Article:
TRIP TIPS

[ Back ] [ Up ] [ Next ]
Last Updated on Monday, September 01, 2003 03:37 AM

 

Safety Chains

(and other things that go bump, or tinkle tinkle in the night)

by Brian Brady


 
 

     Hel-LO! They are called safety chains for a reason.  If they wonít hold the trailer tongue safely off the ground if the hitch separates, then they are of no earthly use whatsoever!  They should be short enough that they will hold the tongue up, but also long enough to be able to turn almost to the point where the bumper is touching the front corner of the trailer, without the chain being too tight.  Of course, they should be crossed under the tongue, so that they form a cradle to hold it, if it should be required.

     I have always thought that safety chains should be attached to the tongue a lot closer to the front than they usually are. Attaching them any further back than a couple of inches behind the socket is a waste of chain, in my opinion. Shortening the chains will help prevent a major problem, also.

     Think for a minute. What container, carrying a potential bomb, is located to the rear and under the trunk on some vehicles? You guessed it. The ever thirsty, never satisfied gas tank! On a holiday trailer, you also have a couple more lethal weapons mounted on the tongue. Yes, propane tanks!  If the chains are attached with a little care and planning, you can achieve several things for your safety - short enough to hold the tongue, short enough to stop the tongue from sliding under the trunk, and long enough to make safe turns.

     Anything else? How about a chain strong enough to hold the trailer on a break-away? Some of the chains I have seen would be fine on a necklace, or a dog, but a tandem axle, 30 foot trailer loaded for bear? I doubt it! 

     A good idea would be to take a look at the chains on a flat deck load of steel at your local truck stop. They have a tensile strength far in excess of what you would need. You are only going to buy a couple of feet, so itís no big expense! Get the gold colored ones. They are the strongest. Of course, you could go with what came with the trailer. Trust me, they are probably marginally adequate at best, pure decoration at worst, and will do nothing for your peace of mind in the meantime, especially now that you have read this!!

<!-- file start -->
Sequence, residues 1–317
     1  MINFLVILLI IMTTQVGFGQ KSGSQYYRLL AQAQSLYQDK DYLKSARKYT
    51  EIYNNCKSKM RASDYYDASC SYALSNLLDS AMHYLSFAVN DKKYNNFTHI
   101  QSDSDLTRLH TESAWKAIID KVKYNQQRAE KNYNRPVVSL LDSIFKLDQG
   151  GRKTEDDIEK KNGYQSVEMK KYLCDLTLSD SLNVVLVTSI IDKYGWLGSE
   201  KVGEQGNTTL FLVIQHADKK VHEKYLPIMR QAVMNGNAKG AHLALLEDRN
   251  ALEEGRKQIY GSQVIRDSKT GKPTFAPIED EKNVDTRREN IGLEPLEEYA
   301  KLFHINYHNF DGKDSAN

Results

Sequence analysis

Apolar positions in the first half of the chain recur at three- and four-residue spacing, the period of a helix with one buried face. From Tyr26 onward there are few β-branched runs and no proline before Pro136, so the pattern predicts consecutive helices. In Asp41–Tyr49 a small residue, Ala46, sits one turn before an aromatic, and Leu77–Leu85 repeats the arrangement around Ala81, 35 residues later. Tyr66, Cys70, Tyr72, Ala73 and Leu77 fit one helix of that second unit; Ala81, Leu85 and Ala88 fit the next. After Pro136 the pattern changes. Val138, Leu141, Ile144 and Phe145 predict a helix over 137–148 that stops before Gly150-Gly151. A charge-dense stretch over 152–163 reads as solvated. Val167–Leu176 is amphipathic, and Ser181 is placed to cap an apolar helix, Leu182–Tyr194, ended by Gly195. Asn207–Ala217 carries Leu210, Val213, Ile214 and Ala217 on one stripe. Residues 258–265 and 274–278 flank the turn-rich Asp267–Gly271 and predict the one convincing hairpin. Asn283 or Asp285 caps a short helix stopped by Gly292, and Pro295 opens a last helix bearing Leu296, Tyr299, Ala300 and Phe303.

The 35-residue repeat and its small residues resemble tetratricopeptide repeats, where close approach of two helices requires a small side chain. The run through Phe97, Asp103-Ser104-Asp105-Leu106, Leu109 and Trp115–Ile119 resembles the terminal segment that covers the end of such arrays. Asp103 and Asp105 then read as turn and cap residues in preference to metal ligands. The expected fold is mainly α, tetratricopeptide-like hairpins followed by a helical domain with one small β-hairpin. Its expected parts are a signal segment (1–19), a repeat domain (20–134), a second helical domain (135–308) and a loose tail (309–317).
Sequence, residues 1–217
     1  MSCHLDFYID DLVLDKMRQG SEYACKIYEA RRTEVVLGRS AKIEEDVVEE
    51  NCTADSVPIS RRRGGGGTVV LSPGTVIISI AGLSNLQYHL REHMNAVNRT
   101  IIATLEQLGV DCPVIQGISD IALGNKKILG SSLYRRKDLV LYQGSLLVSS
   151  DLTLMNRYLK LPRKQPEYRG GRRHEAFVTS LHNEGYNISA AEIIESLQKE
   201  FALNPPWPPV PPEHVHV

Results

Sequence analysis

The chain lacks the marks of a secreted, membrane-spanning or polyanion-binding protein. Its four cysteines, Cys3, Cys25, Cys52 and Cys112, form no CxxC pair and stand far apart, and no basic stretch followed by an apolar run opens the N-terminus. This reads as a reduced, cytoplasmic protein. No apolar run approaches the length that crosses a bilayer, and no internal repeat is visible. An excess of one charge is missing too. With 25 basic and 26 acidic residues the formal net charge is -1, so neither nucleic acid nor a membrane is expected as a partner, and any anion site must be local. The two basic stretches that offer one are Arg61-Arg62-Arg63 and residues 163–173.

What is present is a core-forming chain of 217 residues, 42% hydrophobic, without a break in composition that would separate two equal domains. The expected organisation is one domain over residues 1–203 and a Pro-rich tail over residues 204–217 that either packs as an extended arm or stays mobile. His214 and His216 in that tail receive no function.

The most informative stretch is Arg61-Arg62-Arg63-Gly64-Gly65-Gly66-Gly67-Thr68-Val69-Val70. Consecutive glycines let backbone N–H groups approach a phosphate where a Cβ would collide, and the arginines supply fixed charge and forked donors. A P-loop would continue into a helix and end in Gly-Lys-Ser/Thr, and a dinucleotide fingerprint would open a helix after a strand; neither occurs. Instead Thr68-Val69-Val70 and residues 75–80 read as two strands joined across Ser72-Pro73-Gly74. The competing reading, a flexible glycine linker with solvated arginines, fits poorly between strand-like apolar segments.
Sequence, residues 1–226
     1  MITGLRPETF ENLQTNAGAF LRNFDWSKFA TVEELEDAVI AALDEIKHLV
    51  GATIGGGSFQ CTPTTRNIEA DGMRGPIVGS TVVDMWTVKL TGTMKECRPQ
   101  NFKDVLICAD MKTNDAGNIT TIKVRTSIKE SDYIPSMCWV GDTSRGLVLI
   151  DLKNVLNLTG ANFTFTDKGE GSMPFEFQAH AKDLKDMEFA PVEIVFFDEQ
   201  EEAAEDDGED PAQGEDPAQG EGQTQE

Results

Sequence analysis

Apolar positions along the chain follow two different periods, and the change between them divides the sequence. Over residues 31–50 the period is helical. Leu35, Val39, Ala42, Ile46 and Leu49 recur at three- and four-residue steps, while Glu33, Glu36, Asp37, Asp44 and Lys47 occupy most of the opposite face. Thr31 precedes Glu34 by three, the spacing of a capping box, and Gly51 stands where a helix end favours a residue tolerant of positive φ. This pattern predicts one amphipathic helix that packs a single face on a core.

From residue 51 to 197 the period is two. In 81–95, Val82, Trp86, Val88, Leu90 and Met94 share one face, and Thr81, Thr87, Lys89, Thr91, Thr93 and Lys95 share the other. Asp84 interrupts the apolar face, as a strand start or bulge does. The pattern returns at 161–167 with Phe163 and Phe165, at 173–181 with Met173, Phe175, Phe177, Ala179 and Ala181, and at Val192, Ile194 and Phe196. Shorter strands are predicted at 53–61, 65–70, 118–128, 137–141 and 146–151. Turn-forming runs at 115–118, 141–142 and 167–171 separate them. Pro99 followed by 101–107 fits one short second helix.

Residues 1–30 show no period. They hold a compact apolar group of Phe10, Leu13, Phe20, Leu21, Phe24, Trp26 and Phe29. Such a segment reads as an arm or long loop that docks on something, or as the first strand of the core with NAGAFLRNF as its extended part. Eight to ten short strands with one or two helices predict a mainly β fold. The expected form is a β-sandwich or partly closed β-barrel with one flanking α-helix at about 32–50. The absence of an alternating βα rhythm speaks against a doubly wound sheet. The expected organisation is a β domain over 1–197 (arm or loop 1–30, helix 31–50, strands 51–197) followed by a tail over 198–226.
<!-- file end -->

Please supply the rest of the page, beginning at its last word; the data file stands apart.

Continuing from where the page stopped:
Slide in camper units on the back of a pick-up truck have four chains, also usually too weak to do any good.  Donít think that they couldnít save somebodyís life.  Now, Kamloops, B.C. seems to be a favorite place for me to see accidents.  One time I saw a wheel depart the rear axle of a tandem Airstream at speed!  Any idea how high that sucker bounced? 

     I also saw, the same day, a few miles down the road, the remains of a homemade camper that had blown off the back of a pick-m-up truck.  It seems the guy had built it and was taking it for a shakedown cruise.  He didnít have time to put safety chains on the unit but, apparently, he was aware that an unsecured unit could be a problem.  He solved it in what, to him, seemed like a very ingenious way.  He got his wife to ride in the camper!   I guess he figured her weight would hold the camper down.  WRONNNNG!!   Sadly, neither the camper nor the wife survived the flight.

     What's the moral of this tale?   First, make sure your safety chains are strong enough to do the job.  Second, make sure you use them correctly.  And third, make sure you use 'em!

Back to Top


Ferries & Propane

by Brian Brady

     Most marine ferry operators must observe and follow maritime law as it applies to the propane systems on RVs.  When you park your unit on the 'car deck', usually below the 'promenade' or open deck area, the law states that all propane-fueled appliances, i.e.; refrigerators, heaters, generators, and even your truck or car engine, must be isolated from the propane storage unit (tank), by shutting off the valve(s).  A member of the crew is usually assigned the chore of checking each vehicle after you have exited the car deck.

     On all the ferries I have travelled on, you must exit the car deck, and go topside.  Remember therefore, once you disembark from the vessel, to pull over at the first opportunity, and turn on the propane, or the fresh salmon you bought and put in the top of the fridge will soon show its displeasure at thawing out.  Stays with you for a long time it does, that smell.

Back to Top